Strategy Overload David Green

Local authorities are used to preparing a treasury management strategy every year, detailing their plans to invest cash surpluses and borrow to cover cash shortfalls. But this year their workload has tripled with the need to also prepare a non-treasury investment strategy and a capital strategy.

In previous years the investment strategy was a section of the treasury management strategy covering the careful management of cash surpluses that arise naturally through the timing of receipts and payments. But completely revised government guidance now requires the investment strategy to focus on the management of commercial property, shareholdings and loans made for public service reasons instead. The change of focus reflects the fact that treasury risk management at most local authorities has improved substantially since the days of speculating with interest rate swaps and lending to BCCI or Icelandic banks. I like to think that the increasing number of local authorities seeking treasury advice from Arlingclose has been one of drivers behind this.

Writing the new style investment strategy will not be an easy task when all the information required is be held by different people in the organisation. The department that lends to local small businesses is often in a different building to the one that buys commercial property. And with the government guidance making reference to accounting standards IFRS 9 and IAS 40, input will be required from the financial accounting team too. Authorities are also expected to set limits on various categories of investment too, a familiar requirement for treasury investments but a new challenge for property and loans.

The third report, the capital strategy, should then be a summary of the other two strategy reports, plus the capital programme and any other major liabilities. This should be a high-level document, written in language accessible to the majority of councillors that are not financial specialists, with plenty of links to other documents where further information can be found. It will probably therefore be easier to write this strategy after the others.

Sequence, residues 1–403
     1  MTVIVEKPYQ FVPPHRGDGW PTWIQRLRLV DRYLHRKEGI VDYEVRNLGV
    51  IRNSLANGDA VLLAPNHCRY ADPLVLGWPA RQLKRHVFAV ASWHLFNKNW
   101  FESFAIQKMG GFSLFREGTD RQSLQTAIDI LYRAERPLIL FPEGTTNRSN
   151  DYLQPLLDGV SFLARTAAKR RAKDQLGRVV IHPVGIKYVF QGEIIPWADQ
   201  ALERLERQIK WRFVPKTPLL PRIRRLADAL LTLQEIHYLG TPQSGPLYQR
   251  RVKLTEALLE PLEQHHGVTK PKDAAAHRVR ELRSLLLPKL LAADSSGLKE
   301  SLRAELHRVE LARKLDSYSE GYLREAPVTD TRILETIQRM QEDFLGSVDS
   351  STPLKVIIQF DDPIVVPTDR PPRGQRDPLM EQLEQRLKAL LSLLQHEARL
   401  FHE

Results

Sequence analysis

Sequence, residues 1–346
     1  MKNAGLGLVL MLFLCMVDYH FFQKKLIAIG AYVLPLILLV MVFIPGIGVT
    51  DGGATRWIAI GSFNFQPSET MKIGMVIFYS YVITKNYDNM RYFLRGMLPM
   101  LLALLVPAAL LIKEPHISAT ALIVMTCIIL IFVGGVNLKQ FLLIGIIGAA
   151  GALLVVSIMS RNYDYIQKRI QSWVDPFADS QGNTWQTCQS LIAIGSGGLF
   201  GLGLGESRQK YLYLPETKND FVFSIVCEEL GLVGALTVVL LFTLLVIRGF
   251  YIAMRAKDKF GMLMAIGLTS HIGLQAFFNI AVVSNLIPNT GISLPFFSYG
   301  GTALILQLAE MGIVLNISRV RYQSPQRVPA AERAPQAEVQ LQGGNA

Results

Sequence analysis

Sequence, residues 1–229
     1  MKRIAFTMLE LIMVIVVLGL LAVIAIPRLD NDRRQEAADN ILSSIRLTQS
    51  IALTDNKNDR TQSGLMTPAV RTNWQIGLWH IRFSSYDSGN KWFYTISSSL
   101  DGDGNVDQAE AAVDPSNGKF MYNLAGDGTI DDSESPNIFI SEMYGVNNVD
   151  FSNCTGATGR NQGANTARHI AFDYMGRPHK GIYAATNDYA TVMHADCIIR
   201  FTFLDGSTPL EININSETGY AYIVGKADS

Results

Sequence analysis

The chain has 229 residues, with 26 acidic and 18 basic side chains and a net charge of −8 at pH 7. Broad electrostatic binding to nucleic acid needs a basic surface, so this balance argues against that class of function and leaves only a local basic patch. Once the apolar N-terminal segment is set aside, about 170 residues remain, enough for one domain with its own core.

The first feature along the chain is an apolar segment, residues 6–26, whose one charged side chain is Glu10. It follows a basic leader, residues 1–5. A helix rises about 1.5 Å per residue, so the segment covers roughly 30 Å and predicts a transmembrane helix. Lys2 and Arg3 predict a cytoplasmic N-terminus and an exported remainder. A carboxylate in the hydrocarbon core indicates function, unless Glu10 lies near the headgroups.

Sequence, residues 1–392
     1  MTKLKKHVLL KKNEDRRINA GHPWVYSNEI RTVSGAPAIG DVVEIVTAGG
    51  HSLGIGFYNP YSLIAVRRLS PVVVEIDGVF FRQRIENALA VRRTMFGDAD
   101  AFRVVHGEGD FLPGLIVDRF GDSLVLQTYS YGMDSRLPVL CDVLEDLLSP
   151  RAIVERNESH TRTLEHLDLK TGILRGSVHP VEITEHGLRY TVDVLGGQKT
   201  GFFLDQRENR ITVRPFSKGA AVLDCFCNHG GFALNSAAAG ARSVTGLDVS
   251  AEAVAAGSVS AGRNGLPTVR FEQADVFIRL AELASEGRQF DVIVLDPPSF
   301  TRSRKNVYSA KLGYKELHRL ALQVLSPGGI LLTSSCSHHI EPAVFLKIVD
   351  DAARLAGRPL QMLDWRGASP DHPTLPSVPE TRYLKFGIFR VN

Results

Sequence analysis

Arlingclose’s treasury advice service includes assistance with writing all three strategies. We start with a template to ensure compliance with all the mandatory requirements, such as setting limits and indicators, before moving into a discussion into all the areas where local judgement is required, like what level the limit should be. Our programme of regional workshops, each limited in delegate numbers to encourage discussion, followed by individual strategy meetings at clients’ offices are key to ensuring each authority has a suitably tailored approach. Finally, a critical read through draft reports before they get submitted to committee ensures that strategies are internally consistent and make sense to someone other than the author.

With the changed requirements for the 2019/20, many local authorities are keen to receive quality advice on writing strategy reports. It is therefore encouraging to see many authorities that buy the bulk of their treasury advice from other firms choosing Arlingclose to assist them with their strategy preparation this year.